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Is Petron pulling the wool over Guimarasrons’ eyes?

September 21, 2006

THE SOUTHERN BEAT By Rolly Espina
The Philippine Star 09/05/2006

I HAD already started addressing the ambitious one-week tourism show by the Department of Tourism in Iloilo City on Oct. 23. Then I suddenly found myself confronted by an ugly spectacle — the discovery of a dump for oily debris in a Guimaras village.

That may have been dismissed as an aberration until the lot owner, a coastal village housewife, admitted that Petron had leased the area for one week for only P300.

That could have been admissible. Except that the reporter asked her that if it were to be for only one week, how come the area had been cleared and bulldozed several feet deep. That stumped the housewife.

Next was the picture of another dumping ground which the authorities of Nueva Valencia had discovered. They were ordering the workers to haul out the dumped debris kept in oil-resistant bags. These were loaded onto a cargo truck under their watchful eyes to be transported to a waiting barge.

As pointed out by local observers, Petron officials had apparently taken steps to dump part of the recovered oil seepage on the very grounds of Guimaras which Guimaras Gov. JC Rahman Nava had objected to earlier. Nava contended that the recovered oil could contaminate ground water and render meager potable water resources dangerous for drinking.

My attention was also caught by the bewilderment of Marinduque officials as to the source of the bags of oily debris that had been washed ashore in that island-province.

Puzzling. A major guessing game in the works.

Then, a head teacher of Barangay Tando of Nueva Valencia charged Petron Corp. of having literally covered up the oil sludge in their village with quick drying cement instead of cleaning it up.

The head teacher, Priscilla Galvan, told the Panay News that she checked the cleanup operation near the school — Paaralan ng Buhay ng Tando — on Sept. 14 and was shocked to discover that the oil sludge that had stuck to coconut trunks along the coastline and breakwater had only been covered by a thin layer of cement.

She claimed that it was a Petron official who had ordered the cleanup workers to cover them up with cement.

Last Sept. 13, Petron declared the cleanup operations in Barangays Atando, Cabalangan and La Paz virtually completed.

In short, what is the game being played in Guimaras?

Except for local officials, even government officials seemed unaware of what has been going on right under their noses.

Neither the Philippine Coast Guard nor the members of the National Disaster Coordinating Council seemed to have been around when these things were discovered by mediamen.

One begins to wonder whether they have relaxed their guard.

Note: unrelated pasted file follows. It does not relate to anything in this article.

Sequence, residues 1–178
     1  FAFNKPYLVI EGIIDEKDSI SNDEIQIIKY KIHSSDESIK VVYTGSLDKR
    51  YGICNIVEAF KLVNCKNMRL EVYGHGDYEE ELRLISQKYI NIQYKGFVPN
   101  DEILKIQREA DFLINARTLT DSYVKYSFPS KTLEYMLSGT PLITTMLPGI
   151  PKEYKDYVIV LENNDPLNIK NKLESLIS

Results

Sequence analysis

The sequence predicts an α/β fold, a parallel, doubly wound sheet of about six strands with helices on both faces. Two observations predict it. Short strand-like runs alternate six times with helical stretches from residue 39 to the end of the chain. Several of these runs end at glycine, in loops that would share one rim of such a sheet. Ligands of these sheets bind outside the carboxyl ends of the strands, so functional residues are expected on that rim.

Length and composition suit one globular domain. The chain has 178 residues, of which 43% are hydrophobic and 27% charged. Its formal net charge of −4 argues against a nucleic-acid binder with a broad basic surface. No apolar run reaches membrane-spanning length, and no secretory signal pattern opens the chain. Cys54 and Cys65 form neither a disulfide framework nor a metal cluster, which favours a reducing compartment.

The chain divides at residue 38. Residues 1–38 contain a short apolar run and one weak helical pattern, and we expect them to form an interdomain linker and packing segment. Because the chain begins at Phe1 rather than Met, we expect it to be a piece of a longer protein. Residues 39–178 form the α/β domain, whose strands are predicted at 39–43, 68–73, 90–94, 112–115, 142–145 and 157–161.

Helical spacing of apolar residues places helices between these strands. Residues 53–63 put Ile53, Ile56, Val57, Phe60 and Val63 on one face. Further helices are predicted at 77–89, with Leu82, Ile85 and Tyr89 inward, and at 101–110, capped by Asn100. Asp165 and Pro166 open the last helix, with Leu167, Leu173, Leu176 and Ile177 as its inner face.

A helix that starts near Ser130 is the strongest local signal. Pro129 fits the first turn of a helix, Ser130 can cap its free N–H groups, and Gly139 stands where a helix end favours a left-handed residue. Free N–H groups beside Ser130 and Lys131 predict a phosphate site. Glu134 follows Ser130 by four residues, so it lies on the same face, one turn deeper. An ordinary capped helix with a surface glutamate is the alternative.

The problem is that the eyes of government probers have been focused on the strong possibility that Solar I may have been hit by another ship alongside it that caused the tanker to sink.

Justice Secretary Raul Gonzalez himself came up with the theory that the classic paihi might have happened and the receiving ship might have collided with the tanker. The paihi is reportedly a strategy where oil is transferred via a pipe to the hold of another vessel.

In stormy weather that poses the possibility of another ship ramming against the tanker.

The reason is that underwater pictures of the sunken tanker showed some highly questionable vents in the vessel. And these are vents that could be opened only deliberately, not by the current.

Two ranking military officers told a Negrense sugar farmer the other night that they are more convinced about that theory and hope that Gonzalez as well as the Board of Marine Inquiry would investigate it.

And many in Iloilo and Guimaras have been quizzical about how come Petron chairman Nick Alcantara has not personally visited Guimaras to see the conditions on the ground.

“No less than President Gloria Macapagal-Arroyo had gone there twice at least to assess the situation by herself, and yet Alcantara remains in his air-conditioned aerie in the National Capital Region,” pointed out an Iloilo critic.

Yesterday, I received a copy of the assessment report discussed in Monday’s Regional Development Council meeting. It showed the damage to other mangroves and that a total of 367.29 hectares of fishponds in Guimaras have been affected by the oil spill. This reportedly forced fishpond operators to declare an emergency harvest of undersized stocks and stop their operations.

The estimated value of standing crop damage was P1,069,185. But that is only the cost of the stocks that had to be prematurely harvested.

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Yeah, Nick…what’s so great about being stuck in your airconditioned office in Manila when you can walk along Guimaras’s oil-slicked beaches and inhale the perfume of rotten eggs in the air?

Oh and yeah, why didn’t you go see Gov. Nava in person instead of sending former DENR secretary Bebet Gozun, hmmm? (Poor woman got stressed by your sordid FGLA-tribal affair.) You afraid of stumbling on one of the barge platforms and falling into the sludge too?

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